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On Tue, 5 Feb 2002, philidor11 wrote:

> Perfect snapshot of the difference that we're talking about!
> Why does Aves have to be different from 'bird'?

"Bird" is a vernacular English term. In essence, it cannot be controlled
-- its meaning is determined by the English speaking people at large (and
maybe Merriam-Webster ;). The meaning may shift and the word may mean
different things to different people. "Turtle" is actually a better
example of this. For Americans it corresponds to _Testudines_; for Brits
it does not.

_Aves_ is a formal taxon, a part of a system that is meant to be used
internationally. It cannot rest on cultural understandings. To be
universal, it must be given a scientific definition.

> There are social advantages to not having any difference, to keeping
> the general public and scientists as close to consistent as possible.

Are you proposing that a scientific committee should govern vernacular
terms as well? For how many languages? And who on Earth will listen?

If "bird" and _Aves_ happen to agree in meaning, it's because the
English-speaking public just happens to use it that way, not because
somebody has mandated the meaning of "bird".

I'm not convinced that everyone would use "bird" as a strict synonym of
"avian", anyway. Most laymen, upon seeing a restoration of _Caudipteryx_
or _Microraptor_ might think they were birds -- they aren't avians, tho'.
(And, oddly enough, I doubt most people would think _Utahraptor_ was a
bird even if shown a feathered restoration -- even if it is closer to
avians than _Caudipteryx_ is.)

Heck, plenty of people think bats are birds! (Although Germans seem to
consider them mice.... :)

> The definition you present:
> "The most recent common ancestor of _Archaeopteryx lithographica_ ans
> _Passer domesticus_, plus all of its descendants,"
> does include the animals we see out the window, in Passer domesticus, but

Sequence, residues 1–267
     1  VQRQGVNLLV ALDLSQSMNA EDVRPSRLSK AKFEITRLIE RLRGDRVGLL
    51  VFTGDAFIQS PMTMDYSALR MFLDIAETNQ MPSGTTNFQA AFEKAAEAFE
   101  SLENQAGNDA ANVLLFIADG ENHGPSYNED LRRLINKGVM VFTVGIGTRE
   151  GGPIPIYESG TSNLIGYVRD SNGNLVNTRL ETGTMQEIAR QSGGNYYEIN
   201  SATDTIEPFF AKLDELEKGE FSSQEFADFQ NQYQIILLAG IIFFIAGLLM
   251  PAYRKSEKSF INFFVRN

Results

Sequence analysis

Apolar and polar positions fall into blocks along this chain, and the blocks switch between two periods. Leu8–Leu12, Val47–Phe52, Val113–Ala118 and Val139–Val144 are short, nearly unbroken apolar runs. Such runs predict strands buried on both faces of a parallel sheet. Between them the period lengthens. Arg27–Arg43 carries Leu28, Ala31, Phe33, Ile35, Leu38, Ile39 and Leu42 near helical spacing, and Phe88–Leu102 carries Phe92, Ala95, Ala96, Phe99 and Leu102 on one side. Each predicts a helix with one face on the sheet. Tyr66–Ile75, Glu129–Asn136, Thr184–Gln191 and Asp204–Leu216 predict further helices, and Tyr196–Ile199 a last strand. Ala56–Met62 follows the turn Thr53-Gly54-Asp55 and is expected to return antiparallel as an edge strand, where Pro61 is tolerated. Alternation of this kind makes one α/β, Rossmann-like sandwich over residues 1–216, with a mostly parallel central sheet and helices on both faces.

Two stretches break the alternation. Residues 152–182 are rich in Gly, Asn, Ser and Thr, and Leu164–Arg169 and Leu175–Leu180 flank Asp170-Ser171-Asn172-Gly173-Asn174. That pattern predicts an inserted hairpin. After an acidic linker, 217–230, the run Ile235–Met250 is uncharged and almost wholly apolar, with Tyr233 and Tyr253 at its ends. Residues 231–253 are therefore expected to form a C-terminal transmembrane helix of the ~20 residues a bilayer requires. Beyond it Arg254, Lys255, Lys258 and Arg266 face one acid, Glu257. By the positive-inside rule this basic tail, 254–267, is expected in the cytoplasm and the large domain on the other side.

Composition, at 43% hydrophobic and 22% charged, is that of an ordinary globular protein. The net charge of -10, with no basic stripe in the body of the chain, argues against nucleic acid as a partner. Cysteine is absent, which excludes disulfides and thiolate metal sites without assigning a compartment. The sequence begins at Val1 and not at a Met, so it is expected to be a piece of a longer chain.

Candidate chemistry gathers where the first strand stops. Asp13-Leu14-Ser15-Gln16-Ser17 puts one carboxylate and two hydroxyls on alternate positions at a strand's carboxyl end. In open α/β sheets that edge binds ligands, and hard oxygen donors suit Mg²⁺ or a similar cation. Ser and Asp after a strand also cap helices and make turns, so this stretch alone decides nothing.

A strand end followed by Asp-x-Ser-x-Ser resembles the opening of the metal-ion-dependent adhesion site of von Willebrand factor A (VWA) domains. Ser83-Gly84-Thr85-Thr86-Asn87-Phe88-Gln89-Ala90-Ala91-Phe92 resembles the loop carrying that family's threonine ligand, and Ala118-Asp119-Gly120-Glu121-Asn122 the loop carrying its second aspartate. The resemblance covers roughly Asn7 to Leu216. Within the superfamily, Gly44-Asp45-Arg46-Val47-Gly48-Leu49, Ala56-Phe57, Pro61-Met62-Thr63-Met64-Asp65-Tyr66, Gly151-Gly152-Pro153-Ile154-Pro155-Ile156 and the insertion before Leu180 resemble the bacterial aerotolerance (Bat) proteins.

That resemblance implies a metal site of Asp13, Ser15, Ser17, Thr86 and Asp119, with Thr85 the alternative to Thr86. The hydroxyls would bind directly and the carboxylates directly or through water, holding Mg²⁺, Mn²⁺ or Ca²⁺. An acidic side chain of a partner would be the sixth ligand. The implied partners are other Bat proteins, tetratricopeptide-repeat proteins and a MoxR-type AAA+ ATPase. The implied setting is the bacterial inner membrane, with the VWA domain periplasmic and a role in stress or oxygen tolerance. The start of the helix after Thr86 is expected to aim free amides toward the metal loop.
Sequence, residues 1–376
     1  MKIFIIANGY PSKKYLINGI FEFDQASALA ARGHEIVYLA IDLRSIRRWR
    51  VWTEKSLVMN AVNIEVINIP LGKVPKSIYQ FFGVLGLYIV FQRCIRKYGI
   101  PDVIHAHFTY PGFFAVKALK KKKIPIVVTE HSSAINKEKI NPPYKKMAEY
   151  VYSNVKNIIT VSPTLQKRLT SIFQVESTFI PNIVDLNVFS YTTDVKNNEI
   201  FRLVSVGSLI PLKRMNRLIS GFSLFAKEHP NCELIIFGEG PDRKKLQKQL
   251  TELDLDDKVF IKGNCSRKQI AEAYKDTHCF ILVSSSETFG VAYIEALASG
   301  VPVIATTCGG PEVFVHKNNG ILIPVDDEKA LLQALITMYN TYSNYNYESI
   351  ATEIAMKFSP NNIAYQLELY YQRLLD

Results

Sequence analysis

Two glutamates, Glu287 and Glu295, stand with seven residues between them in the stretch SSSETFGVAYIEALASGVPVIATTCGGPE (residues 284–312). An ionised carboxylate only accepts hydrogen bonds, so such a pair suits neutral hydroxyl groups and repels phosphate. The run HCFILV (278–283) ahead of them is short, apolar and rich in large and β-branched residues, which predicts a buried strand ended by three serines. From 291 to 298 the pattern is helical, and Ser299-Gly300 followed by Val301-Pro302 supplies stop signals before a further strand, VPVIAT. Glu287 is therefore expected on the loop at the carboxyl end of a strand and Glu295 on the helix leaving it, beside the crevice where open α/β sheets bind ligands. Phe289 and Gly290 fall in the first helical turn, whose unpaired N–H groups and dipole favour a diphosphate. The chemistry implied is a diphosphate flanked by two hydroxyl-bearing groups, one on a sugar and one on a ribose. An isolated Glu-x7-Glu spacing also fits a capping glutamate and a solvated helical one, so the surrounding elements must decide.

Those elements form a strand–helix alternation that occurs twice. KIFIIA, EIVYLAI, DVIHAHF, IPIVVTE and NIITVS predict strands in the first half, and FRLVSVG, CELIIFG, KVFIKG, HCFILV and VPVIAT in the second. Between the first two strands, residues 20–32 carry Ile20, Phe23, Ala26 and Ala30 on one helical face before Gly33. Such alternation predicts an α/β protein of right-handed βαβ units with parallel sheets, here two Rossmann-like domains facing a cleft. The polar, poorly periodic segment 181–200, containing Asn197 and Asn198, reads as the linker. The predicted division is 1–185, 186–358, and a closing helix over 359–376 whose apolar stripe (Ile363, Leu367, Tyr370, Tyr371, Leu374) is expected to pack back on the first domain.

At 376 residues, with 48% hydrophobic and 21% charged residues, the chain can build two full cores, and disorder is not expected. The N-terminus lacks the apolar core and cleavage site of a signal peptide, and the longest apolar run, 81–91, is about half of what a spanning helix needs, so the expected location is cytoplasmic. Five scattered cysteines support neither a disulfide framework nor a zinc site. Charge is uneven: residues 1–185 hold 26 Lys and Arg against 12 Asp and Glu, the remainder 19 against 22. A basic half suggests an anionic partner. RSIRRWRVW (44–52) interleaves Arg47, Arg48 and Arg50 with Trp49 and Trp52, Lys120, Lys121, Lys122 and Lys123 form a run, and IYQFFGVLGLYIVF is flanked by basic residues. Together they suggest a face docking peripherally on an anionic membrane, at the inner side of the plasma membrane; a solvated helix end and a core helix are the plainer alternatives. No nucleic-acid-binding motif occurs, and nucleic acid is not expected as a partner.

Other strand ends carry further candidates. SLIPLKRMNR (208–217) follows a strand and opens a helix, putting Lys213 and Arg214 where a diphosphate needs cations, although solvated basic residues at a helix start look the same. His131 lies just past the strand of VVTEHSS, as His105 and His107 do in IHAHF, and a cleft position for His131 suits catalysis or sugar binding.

> you add two components:
> Archaeopteryx lithographica - an ancient, extinct species asserted into the
> statement; and
> the mrca - an unknown animal currently inferred to have certain
> character(istic)s.

And all descendants of that ancestor! Can't forget that.

> Sorry about the missing italics.
> The issue we're looking at is whether these additions communicate enough to
> scientists that they should formulate a terminology separate from that used
> by the public.  Naming conventions are a form of communication, and not in
> themselves scientific analysis.

Are you advocating abandoning any form of formal taxonomy in favor of
vernacular terms?
a) Most formal taxa do not have vernacular equivalents, except as
derivations of their own names.
b) Not everybody speaks English! This is a real "Tower of Babel" solution.

> Remembering that all the analysis anyone wants to do is not prevented by
> using the simpler definition, why create a conflict?

What simpler definition? I didn't see you offer one. "The things you see
out your window"? I see lots of stuf out my window. "Those feathered
things that crap on your car"? I guess penguins aren't birds, then....
(and what if I didn't have a car?)

> If you have to use shorthand for a theory of relationships, why not say
> something like Aves, Upton 2000 or Aves, Downton, 2001?  Then those who want
> to argue clades have their opportunity.  (And I, whose knowledge of the
> details is minor, cease to contribute, and listen.)

Or how about we just use ... _Aves_? What's wrong with that?

> I'm still feeling that 'those feathered things that crap on my car' should
> be in there somewhere, but it's hard to find a technical justification.

Ever had an ostrich crap on your car?

Quite frankly I think I'm just about done with this discussion....

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